I’ve talked about this on the Newburyport Blog before, but 2 years ago, when I started the Newburyport Blog, I also started a national blog.
I would watch the IP numbers (an IP number is the number of a particular computer) and an IP number of a company used by Homeland Security would come and visit the national blog on a regular basis.
Even now, when certain words are used on the Newburyport Blog, I get a visit form the Department of Justice. And when I check to see why they’ve come to visit my small, local blog, I can understand why the key word or words sent up a flag. But still, it is unnerving. And being checked out by Homeland Security and the Department of Justice is pretty scary for me.
I said this in an earlier post as well, I am relieved in this presidential primary that not only the candidates, but also people in general feel much more free to speak out. And if they do speak out, they would not be labeled “unpatriotic.”
And I was also relieved to see PBS really speak out in a program called Cheney’s Law. A must read and a must see.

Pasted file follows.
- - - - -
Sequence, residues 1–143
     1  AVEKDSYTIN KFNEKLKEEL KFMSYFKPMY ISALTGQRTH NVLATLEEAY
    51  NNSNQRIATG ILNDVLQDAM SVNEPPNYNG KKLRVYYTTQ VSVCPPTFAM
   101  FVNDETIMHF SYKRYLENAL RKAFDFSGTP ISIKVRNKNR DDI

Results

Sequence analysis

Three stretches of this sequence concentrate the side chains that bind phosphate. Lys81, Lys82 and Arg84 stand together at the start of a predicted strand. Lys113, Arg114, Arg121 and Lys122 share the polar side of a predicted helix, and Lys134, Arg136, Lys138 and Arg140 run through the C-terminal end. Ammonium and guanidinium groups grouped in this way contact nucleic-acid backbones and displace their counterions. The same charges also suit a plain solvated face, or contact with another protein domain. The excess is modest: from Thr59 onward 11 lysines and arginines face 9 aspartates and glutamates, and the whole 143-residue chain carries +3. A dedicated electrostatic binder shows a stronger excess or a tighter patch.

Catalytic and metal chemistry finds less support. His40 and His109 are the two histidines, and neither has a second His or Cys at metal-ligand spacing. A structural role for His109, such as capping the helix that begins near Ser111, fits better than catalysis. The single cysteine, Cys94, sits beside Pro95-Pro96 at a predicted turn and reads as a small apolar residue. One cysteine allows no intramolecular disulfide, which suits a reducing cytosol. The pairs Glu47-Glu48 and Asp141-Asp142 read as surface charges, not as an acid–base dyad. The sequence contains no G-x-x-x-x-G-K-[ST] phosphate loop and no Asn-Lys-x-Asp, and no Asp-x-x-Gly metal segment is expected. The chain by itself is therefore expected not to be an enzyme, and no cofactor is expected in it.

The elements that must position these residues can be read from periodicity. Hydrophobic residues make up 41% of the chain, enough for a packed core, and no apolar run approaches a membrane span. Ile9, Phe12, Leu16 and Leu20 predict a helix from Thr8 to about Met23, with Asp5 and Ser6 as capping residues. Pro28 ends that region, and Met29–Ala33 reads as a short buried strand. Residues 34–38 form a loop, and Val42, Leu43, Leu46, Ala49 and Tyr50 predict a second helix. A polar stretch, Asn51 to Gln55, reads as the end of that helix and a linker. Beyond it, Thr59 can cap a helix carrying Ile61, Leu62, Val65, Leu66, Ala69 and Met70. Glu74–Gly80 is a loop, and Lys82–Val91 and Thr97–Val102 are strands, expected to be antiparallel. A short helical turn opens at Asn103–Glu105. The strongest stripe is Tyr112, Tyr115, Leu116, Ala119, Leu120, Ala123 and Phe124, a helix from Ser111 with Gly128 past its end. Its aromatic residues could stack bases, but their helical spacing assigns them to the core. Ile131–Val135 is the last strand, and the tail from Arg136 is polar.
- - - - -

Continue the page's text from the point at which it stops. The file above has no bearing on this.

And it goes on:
And one of the things I like about Barack Obama, is when the Senate voted on the Iraq war, Senator Obama voted “no.” He was not intimidated back then, so I don’t imagine he would be intimidated by much now.
And I remember watching both Senators Hillary Clinton and John Kerry vote for the Iraq war, but with many reservations. And as I remember, back then, it was scary times, and the administration would raise the “alert” status, it always seemed to me to manipulate the American people (although I’m sure that is not completely true) through fear. And the Democrats at that time were in a very difficult position. If they voted against the war in Iraq, they ran the danger of appearing “unpatriotic.”
So I am glad that the civil discourse seems to be no longer be log-jammed. And that is probably what pleases me most about this national primary season. That a free exchange of ideas and issues could once again take place without trepidation.